Imagine the Hollywood film Terminator with song and dance! While it makes more sense to just have a compelling background score (like Terminator did by Brad Fiedel), a Hindi film on a similar theme cannot be complete without a song-and-dance sequence. Though A R Rahman makes an attempt to offer an entertaining score for Robot, listeners will not be able to connect with all songs.
Robot’s music album comes with seven tracks but one cannot go beyond the first three – Naina miley, Pagal anukan and Chitti dance showcase. The score, needless to say, is heavy on electronic – ambient sound effects like flangers/echoes – aimed at enhancing the sci-fi feel of the movie.
Naina miley features A R Rahman and Suzanne. As far as melody goes, it’s peppy with many ambient effects – even Rahman’s voice is processed. While it’s certainly challenging to score for a storyline like this, Rahman pulls off the song pretty well, both as composer and singer. Suzanne also adds a lot of attitude to the song with her vocals and doesn’t quite sound her usual self.
The second-best on the album is Pagal anukan, the only track sans any effects on the album. While the words (by Swanand Kirkire) may take a while to get used to, the tune definitely grows over time. Singers Mohit Chauhan and Shreya Ghoshal do a great job but it’s really the easy tune and arrangements that work.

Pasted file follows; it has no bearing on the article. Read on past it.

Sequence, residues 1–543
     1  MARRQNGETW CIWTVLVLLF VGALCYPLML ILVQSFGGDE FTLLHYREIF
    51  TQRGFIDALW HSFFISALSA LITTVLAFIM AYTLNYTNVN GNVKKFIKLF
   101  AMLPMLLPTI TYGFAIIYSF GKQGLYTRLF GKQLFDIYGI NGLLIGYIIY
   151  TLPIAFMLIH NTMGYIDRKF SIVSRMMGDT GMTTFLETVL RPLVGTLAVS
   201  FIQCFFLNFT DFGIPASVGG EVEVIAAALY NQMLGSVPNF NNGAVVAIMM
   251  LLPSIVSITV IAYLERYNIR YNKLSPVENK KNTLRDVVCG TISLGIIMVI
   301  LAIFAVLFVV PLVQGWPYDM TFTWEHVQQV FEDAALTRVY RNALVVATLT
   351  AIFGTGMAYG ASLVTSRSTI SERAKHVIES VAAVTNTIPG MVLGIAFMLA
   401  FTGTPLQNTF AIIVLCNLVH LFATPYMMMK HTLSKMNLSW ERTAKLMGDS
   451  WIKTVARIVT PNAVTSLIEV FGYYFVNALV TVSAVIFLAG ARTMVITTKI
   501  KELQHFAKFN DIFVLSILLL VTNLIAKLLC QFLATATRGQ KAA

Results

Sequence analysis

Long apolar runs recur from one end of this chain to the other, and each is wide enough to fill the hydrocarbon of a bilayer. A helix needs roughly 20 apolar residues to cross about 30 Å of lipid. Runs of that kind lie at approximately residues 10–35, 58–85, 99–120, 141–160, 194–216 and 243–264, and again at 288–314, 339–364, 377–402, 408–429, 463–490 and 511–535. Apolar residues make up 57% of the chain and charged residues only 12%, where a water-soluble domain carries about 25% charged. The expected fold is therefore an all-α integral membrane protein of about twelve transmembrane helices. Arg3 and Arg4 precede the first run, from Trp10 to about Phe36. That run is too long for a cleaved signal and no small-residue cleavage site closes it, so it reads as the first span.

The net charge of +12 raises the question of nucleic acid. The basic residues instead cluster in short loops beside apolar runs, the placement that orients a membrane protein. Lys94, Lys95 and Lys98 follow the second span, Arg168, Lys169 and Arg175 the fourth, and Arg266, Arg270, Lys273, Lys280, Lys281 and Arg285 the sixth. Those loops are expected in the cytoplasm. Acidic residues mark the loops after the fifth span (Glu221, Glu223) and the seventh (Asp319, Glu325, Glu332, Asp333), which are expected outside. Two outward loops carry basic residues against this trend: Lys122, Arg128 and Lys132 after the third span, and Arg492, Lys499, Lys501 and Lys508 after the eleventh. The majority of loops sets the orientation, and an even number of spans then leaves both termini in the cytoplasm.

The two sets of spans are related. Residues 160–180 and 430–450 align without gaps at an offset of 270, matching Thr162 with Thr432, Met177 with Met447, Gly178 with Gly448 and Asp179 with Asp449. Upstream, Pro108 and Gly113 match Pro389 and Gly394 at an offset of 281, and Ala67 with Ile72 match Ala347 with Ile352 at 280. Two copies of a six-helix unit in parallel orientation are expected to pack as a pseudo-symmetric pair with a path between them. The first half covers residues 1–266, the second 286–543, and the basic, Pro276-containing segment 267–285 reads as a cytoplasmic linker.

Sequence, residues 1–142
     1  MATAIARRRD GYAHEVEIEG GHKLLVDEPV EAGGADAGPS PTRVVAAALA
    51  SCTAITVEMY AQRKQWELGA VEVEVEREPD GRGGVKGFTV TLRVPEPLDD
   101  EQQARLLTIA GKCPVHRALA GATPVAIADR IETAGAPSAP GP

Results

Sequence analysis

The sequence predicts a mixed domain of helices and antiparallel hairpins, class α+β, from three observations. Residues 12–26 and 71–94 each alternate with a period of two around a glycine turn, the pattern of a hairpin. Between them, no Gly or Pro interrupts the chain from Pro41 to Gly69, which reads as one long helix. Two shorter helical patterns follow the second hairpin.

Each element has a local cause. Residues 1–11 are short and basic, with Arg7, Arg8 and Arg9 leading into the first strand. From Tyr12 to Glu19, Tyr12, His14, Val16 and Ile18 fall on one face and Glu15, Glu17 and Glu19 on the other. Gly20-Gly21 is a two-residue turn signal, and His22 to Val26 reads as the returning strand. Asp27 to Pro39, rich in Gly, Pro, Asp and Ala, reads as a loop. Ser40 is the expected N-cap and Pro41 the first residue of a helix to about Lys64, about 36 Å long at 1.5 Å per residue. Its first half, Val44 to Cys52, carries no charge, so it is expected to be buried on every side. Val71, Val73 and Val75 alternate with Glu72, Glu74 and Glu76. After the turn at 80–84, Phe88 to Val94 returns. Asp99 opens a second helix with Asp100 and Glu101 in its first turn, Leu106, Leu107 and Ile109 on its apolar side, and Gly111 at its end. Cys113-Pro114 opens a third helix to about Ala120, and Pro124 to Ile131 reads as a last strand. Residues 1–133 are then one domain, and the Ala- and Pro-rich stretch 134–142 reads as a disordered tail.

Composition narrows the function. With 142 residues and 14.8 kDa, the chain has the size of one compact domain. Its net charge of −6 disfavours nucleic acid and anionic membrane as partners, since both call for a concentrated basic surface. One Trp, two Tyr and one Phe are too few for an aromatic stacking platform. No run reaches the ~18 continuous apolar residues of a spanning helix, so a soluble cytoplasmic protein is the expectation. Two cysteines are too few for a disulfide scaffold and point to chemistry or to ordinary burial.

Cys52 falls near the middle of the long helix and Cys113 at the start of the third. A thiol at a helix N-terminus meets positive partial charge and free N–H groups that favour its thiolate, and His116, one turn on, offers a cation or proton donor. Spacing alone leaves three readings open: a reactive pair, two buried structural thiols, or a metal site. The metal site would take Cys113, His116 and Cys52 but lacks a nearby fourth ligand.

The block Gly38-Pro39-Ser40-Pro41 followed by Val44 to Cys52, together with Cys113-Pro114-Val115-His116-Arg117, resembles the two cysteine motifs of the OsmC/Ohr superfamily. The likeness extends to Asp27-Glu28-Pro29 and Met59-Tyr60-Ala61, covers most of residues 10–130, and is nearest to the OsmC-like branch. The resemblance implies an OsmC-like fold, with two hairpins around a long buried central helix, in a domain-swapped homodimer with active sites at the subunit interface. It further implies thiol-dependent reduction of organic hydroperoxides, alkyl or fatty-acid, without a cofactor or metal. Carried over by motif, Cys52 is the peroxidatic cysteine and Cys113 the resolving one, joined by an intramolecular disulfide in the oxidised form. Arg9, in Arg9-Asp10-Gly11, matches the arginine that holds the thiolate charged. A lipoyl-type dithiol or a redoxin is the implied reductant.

The track, Chitti dance showcase (‘Chitti’ meaning ‘consciousness’), captures the moments of a robot coming to life with perfection. The track has a lot of energy, which is why it makes for a great mix for an introduction. There are no vocals (the good part!), but just some bolish, distorted guitars and string sections (this track was arranged by Pravin Mani). If the visuals are good, this track will amplify its effect on screen.
Alas! There is no point going beyond these three songs on the album. After that, you risk venturing into the territory of inane lyrics, gibberish and compositions that have neither head nor tail.
The songs Arima arima (singers like Hariharan and Sadhana Sargam are wasted!), Kilimanjaro (Javed Ali, Chinmayi), Boom Boom Robo Da (on the lines of Blue’s title track) and O naye insaan (also featuring Rahman’s daugther Khatija) fail to work at all levels. Robot’s music, sadly, is only half good!